On the positive side, in many countries in Europe today there is a vibrant civil society, with youth organisations and networks that have accumulated years and years of experience in training their youth workers (for example, youth worker associations in Serbia, Scotland or Estonia). This work should not be ignored whenever there is a more consistent effort to kick off policies for the training and education of youth workers.

5. When the state is lagging behind, NGOs need support

Linked to the previous point, it is clear that in some countries NGOs or similar platforms carry the load of the education and training of youth workers, which basically means that they need support, including financial. They would probably do better if funders did not ask them for innovation and new topics at every funding round. They need to prepare people to work with young people on those principles and values that youth work is based on, so there is nothing outdated in funding the training of volunteers for youth camps. Youth workers may change every few years, the state may still be weak in covering training, so whoever is out there should understand that someone still needs to prepare new generations of youth workers every few years. Trainers can use these findings to better argue why they need to still do training projects not too different from what they did five years ago. Funders also need to grasp this, if they really want to support youth work here and now and not point a finger to lack of action from the state. Still, the role of the state in ensuring a vibrant youth work system is crucial!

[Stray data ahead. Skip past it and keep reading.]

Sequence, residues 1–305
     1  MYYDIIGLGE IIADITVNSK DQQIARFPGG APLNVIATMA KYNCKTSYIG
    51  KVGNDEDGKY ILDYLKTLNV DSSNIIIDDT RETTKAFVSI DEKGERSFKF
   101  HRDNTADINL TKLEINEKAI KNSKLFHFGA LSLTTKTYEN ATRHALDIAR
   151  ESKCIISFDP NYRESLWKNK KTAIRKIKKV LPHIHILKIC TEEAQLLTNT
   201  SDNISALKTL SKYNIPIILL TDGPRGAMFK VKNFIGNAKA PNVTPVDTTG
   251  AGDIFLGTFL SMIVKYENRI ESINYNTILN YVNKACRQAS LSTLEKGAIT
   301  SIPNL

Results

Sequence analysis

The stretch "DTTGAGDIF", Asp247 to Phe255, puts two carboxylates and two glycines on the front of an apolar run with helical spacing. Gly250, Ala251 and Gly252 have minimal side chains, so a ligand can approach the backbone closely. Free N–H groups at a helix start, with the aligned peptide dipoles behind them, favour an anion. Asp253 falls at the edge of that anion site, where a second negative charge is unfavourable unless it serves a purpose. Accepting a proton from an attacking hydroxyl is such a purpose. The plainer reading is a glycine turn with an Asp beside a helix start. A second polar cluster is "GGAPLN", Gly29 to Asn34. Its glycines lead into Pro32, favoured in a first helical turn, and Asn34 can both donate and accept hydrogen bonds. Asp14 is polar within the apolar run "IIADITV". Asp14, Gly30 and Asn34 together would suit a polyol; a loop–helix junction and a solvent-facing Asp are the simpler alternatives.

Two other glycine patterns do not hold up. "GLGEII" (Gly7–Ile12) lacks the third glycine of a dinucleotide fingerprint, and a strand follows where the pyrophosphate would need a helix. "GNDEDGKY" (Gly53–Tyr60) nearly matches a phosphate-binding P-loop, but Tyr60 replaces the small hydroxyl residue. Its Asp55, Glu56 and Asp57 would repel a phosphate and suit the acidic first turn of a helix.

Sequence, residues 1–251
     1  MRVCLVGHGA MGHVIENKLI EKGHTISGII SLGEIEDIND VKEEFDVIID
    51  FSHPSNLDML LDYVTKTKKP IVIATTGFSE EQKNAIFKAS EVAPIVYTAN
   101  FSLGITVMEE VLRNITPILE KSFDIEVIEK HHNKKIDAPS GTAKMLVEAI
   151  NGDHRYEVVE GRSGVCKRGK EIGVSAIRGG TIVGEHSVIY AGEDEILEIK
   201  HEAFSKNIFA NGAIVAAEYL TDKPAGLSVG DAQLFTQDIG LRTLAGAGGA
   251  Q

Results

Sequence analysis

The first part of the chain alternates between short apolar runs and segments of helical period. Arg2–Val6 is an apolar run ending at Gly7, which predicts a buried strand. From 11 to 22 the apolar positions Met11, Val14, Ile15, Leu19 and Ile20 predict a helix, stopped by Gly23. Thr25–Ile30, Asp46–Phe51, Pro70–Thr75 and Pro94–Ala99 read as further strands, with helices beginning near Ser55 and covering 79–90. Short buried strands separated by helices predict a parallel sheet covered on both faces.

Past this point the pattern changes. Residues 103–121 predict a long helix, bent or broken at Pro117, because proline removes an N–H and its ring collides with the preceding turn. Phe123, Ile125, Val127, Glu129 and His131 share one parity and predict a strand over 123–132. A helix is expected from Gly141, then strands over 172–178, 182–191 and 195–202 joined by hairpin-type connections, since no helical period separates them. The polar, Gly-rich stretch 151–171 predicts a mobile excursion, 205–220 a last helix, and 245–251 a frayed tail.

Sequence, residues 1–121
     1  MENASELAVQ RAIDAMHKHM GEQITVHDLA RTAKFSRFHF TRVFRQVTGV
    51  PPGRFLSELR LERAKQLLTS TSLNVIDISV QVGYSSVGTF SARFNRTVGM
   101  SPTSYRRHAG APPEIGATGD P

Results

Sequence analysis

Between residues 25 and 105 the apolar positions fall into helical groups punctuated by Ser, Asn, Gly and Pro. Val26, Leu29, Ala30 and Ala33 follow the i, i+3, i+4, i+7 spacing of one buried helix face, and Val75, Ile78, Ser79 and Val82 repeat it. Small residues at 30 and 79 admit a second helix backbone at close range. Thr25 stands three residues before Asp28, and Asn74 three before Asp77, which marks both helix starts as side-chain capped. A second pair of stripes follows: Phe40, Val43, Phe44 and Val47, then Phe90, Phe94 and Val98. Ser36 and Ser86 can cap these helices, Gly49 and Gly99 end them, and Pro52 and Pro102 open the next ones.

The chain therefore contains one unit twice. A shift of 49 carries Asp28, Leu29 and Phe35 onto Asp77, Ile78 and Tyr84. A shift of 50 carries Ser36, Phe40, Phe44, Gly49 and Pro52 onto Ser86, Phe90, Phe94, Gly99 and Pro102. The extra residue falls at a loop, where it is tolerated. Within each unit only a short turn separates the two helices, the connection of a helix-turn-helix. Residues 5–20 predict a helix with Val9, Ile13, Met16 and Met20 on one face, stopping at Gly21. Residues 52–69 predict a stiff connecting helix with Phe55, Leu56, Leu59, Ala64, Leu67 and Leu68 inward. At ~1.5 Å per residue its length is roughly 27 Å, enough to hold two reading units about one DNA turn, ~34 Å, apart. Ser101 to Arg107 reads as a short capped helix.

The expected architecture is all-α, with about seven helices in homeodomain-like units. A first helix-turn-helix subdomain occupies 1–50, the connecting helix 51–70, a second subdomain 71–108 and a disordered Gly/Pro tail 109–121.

6. Mentoring and on-the-job support: a field of great potential?